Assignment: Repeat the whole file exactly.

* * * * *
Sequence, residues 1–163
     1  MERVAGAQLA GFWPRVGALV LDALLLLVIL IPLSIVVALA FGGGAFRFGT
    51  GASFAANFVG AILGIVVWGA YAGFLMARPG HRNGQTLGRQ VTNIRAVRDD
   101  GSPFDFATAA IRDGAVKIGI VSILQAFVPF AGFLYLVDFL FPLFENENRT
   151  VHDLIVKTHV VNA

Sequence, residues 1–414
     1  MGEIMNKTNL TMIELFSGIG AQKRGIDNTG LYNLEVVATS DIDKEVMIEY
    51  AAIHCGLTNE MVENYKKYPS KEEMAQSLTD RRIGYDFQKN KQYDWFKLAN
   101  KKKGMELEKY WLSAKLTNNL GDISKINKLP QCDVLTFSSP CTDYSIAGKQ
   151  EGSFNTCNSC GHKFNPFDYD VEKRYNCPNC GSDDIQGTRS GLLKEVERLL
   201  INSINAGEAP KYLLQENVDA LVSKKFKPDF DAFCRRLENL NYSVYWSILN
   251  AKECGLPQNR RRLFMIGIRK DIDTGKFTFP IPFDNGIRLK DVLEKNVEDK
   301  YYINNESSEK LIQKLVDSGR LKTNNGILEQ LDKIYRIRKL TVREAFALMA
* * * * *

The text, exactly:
Sequence, residues 1–163
     1  MERVAGAQLA GFWPRVGALV LDALLLLVIL IPLSIVVALA FGGGAFRFGT
    51  GASFAANFVG AILGIVVWGA YAGFLMARPG HRNGQTLGRQ VTNIRAVRDD
   101  GSPFDFATAA IRDGAVKIGI VSILQAFVPF AGFLYLVDFL FPLFENENRT
   151  VHDLIVKTHV VNA

Sequence, residues 1–414
     1  MGEIMNKTNL TMIELFSGIG AQKRGIDNTG LYNLEVVATS DIDKEVMIEY
    51  AAIHCGLTNE MVENYKKYPS KEEMAQSLTD RRIGYDFQKN KQYDWFKLAN
   101  KKKGMELEKY WLSAKLTNNL GDISKINKLP QCDVLTFSSP CTDYSIAGKQ
   151  EGSFNTCNSC GHKFNPFDYD VEKRYNCPNC GSDDIQGTRS GLLKEVERLL
   201  INSINAGEAP KYLLQENVDA LVSKKFKPDF DAFCRRLENL NYSVYWSILN
   251  AKECGLPQNR RRLFMIGIRK DIDTGKFTFP IPFDNGIRLK DVLEKNVEDK
   301  YYINNESSEK LIQKLVDSGR LKTNNGILEQ LDKIYRIRKL TVREAFALMA